This random password generator creates strong random plain text passwords using the PCG32 random number generator without sending the password over the internet or storing the generated password on a server. If you are still uncomfortable using this utility you can generate multiple passwords, save them to your device and use different parts from each to create a unique password, otherwise you may want to try something like using the Python REPL to generate a strong password.
I developed this password generator because I don't trust the security and randomness of passwords generated by other password generators; plus, I like a challenge. I also wanted to test out Melissa E. O'Neill's implementation of the PCG32 pseudo-random number generator with an environment-based seed. By generating multiple passwords using this strong password generator, saving them to my local computer then mixing them I can confidently trust in the uniqueness of my passwords. The number of password breaches each year is staggering. By using a unique, random password for every account I can rest assured that even if one system is hacked all of my other accounts' passwords are safe.
Pro Tips for Users
Always use unique passwords for every account you have.
Always use unique security questions and answers for every account you have.
Never use the same password multiple times.
Always ensure passwords are at a minimum sixteen characters long. The longer the better.
Always ensure every password contains a mixture of uppercase letters, lowercase letters, numbers, punctuation and special symbols.
Never use dictionary words, birthdays, family members' names, pets' names or any other easily guessable words in your passwords.
Never use your address, postal code, phone number, ID card number, or other personally identifiable information in your passwords.
Never use similar passwords with mostly the same characters and only a few characters changed, because one comprimised password will still comprimize all of the other passwords. For example MyPassword4Gmail and MyPassword4Mac.
Never share your password over text, messenger, slack, discord or unencrypted email.
Please don't write your password down on a sticky note and put it on your computer screen visible to others.
If you're setting a password that must be memorized try using the first few letters of each word in a phrase.
Never log in to an important account via public WiFi or on an untrusted device (e.g. friend's computer or mobile phone).
Always make sure the site you are logging in to is encrypted with a secure certificate.
Always make sure the site you are logging in to is the site you are expecting. Use bookmarks whenever possible.
Do not trust entering your password into forms you arrived at by clicking a link in an email or private message.
Change your passwords every two or three months, or in the event of a security breach, change your password immediately.
Use two-factor-authentication or multi-factor-authentication whenever possible.
Trust noone. Banks, website helpdesk personnel, your IT guy...noone. Never give out your password, ever.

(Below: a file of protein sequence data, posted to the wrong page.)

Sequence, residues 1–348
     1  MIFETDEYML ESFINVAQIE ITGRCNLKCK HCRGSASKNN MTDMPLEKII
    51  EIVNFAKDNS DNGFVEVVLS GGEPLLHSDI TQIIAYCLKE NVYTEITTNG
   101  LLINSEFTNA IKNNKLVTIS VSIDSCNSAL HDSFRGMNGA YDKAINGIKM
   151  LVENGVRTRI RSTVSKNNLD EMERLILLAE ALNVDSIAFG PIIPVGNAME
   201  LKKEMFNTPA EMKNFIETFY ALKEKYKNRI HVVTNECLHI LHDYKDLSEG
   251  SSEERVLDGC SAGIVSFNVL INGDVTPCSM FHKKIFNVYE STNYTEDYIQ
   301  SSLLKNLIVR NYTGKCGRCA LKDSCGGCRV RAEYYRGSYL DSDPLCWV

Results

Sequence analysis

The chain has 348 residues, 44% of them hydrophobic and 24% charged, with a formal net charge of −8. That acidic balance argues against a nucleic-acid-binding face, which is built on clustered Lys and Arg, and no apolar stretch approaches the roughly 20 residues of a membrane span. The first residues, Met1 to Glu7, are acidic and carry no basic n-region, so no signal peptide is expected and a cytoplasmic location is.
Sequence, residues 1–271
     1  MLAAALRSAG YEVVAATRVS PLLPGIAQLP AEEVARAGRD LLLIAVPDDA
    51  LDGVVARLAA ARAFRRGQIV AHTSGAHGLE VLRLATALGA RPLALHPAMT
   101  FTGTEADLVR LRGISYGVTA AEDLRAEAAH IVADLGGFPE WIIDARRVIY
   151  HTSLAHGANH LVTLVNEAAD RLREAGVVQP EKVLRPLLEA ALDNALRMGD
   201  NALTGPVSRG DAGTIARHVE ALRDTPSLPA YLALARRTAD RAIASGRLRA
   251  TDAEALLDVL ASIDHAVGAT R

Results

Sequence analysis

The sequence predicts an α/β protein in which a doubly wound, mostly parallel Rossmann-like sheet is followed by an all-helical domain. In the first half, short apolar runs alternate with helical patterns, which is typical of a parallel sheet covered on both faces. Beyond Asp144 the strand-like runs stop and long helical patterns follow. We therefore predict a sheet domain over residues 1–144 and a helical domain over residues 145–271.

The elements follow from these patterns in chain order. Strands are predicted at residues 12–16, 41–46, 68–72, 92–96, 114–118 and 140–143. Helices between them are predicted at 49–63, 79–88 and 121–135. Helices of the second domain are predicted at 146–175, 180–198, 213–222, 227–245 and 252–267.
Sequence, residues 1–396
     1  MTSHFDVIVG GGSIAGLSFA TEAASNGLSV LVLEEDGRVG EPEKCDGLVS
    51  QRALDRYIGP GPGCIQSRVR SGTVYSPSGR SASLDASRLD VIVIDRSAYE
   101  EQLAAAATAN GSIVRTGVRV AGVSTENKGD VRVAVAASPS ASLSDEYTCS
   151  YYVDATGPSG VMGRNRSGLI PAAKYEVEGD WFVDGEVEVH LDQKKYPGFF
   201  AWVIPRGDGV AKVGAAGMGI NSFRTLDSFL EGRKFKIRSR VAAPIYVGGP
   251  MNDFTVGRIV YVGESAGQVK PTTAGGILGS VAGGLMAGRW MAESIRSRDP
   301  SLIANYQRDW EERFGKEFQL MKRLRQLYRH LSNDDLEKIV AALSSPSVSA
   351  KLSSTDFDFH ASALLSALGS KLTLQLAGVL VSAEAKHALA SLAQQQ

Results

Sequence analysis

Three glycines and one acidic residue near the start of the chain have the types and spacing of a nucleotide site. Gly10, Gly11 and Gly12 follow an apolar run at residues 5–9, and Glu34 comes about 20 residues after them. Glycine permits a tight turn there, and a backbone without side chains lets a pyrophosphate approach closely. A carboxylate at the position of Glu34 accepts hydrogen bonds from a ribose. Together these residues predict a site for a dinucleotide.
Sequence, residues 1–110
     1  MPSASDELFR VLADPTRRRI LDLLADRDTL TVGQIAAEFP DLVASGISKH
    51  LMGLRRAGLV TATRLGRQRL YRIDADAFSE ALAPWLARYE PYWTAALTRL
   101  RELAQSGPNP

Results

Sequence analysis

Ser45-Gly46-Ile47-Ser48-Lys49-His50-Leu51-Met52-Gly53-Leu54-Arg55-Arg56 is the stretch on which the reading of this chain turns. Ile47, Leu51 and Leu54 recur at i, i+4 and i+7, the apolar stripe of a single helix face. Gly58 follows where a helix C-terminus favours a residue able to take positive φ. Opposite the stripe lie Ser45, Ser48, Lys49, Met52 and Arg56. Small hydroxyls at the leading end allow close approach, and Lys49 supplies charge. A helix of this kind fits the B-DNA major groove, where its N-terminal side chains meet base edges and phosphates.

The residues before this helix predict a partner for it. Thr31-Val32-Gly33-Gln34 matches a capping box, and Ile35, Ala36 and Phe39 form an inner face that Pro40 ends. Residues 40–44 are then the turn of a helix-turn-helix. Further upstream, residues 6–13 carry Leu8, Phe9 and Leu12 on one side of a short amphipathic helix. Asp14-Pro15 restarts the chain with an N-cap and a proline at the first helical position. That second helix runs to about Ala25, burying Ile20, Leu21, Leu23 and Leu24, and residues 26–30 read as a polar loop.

Do not store your more critical passwords unencrypted in the cloud. The cloud is not as safe as you think.
Use a VPN whenever possible. If you are traveling, it is fairly easy to install and configure a single-user OpenVPN server that allows you to be in control of your connection's security.
Do not trust your web browser to store your passwords in a secure manner.
Always keep your computer, web browser, internet router, and devices up-to-date. Hackers can very easily exploit older versions.
Use AntiVirus software. Just do it.
Encrypt all drives connected to your computer
Be careful when using online paste tools and screen capture tools, do not let them to upload your passwords to the cloud.
Do not log in to critical accounts using another person's computer or using a shared computer.
Lock your computer and mobile phone when you leave them.
Pro Tips for Developers
Never store users' passwords, security questions and answers as plain text. Ever. I will find you if you do this, and I will say very unkind things to you.
Always salt and hash passwords with unique, non-deterministic salt per user.
Always log invalid login attempts and alert users of suspicious activity.
Always lock accounts after several incorrect login attempts.
Always use TLS with a valid, up-to-date certificate. Personally, I like certbot.
Remember: the internet is a scary place filled with viruses, bugs, hackers, bots and the darkweb; let's not make it worse by building shitty password management systems.
To prevent brute force login attacks on your dedicated, virtual private, or cloud servers install intrusion detection and prevention software. Both Palo Alto Networks and Alert Logic provide quite comprehensive solutions.
Sign package updates with a private key using GnuPG and verify the signature of it with the public key published previously.
Use your own domain for all user-facing interactions.
Require VPN access for administrators.
Restrict access using a firewall to any internal non-public facing servers and services.
Finally, if any of this is confusing, ask questions. Go find a more senior developer and ask them how they would do it.